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Beyond the Wild River Paperback – 5 Oct 2017
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Praise for Beyond the Wild River (:)
'Maine writes beautifully about the wilderness' (The Times)
Maine's beautifully detailed descriptions of the American hinterlands provide a stunning setting for this historical tale of intrigue and suspense (Booklist)
Descriptive passages of lush, beautiful landscapes frame Maine's riveting portrait of a thoughtful young woman who yearns for more than is offered by her station and her gender, and the rough-and-tumble young man who is inexorably drawn to her. (Publishers Weekly)
'Maine's gift of setting the mood shines in her latest novel... Fans of Kate Morton's rich-with-atmosphere novels will feel right at home.' (RT Reviews)
Praise for The House Between Tides (:)
There is an echo of Daphne du Maurier's Rebecca in Sarah Maine's appealing debut novel (Independent)
A tremendous accomplishment. So assured, so well-judged, and with such an involving story to tell, this might be the author's fifth or sixth novel, not her first. A literary star is born! (Ronald Frame, author of The Lantern Bearers and Havisham)
'...it came as a great surprise to learn that this was the author's debut novel. I predict great things for Sarah Maine.' (The Book Bag)
Scotland's Outer Hebrides provides the sensuous setting for [this] impressive debut...[a] beautifully crafted novel. (Publishers Weekly)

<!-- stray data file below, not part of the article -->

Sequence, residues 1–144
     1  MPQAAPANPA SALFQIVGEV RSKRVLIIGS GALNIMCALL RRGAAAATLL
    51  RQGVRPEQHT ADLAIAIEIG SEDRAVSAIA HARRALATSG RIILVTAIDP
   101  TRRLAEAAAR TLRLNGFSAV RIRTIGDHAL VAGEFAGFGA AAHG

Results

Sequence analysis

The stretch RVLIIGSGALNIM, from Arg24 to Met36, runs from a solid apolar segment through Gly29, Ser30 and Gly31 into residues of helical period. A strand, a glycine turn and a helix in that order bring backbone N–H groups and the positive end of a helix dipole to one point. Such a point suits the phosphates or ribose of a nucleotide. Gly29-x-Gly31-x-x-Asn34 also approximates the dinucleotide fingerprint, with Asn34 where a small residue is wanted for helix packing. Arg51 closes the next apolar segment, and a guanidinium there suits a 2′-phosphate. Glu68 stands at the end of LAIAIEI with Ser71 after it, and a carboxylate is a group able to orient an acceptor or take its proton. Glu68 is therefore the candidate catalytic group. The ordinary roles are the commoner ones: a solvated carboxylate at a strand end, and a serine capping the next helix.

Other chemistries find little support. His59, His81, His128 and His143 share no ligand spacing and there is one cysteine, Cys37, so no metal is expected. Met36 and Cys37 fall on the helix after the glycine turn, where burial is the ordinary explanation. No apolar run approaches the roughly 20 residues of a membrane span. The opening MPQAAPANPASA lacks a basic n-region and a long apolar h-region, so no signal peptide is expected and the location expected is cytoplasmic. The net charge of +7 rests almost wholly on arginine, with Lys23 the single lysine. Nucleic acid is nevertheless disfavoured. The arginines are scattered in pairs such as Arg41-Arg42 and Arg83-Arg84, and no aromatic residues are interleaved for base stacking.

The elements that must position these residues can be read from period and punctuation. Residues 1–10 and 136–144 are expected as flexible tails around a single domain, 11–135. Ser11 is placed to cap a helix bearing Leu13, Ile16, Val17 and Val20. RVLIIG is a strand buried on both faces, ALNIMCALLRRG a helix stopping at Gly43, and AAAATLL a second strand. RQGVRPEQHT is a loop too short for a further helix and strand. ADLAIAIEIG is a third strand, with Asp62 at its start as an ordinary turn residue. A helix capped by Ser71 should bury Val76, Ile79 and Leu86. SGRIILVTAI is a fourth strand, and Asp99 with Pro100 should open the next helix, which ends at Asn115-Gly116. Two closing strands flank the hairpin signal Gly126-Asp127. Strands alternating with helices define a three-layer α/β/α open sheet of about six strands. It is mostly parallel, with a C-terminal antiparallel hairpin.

A spellbinding and beautiful novel from a major new voice in fiction, perfect for fans of The Essex Serpent, Eowyn Ivey and Stef Penney.See all Product description
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a) isn’t shiny
b) doesn’t have textured lettering
c) doesn’t feature a heaving bosom, a hank of copper coloured hair or flashing emerald eyes
To add to your confusion, one of the straps compares it to Steff Penney’s Under a Pole Star, which I think is equally misleading, excellent though that book is. The heroine is not eccentric, has had a fairly conventional upbringing and even in the midst of the story does not step very far away from the conventional role of a Victorian woman traveller.
What we have here is an adventure story, peopled by normal (if sometimes unpleasant) human beings reacting to circumstances which are well within the bounds of credibility and it is an excellent story, told well, with complete control of the plot and the characters.
I suppose you could call it an old fashioned adventure story in that it allows the characters, plot and settings to carry you along without resorting to the usual tricks of modern historical novels. The heroine, Evelyn, has no anachronistic yearnings to dominate, just the perfectly understandable dissatisfaction of a future as the wife of a rich man confined to an estate on the Borders. She feels that the wild women of the early Americas might have had a more interesting life. But she doesn’t seize the action and rampage around, she reacts to what happens like a woman of her time.
It is so refreshing.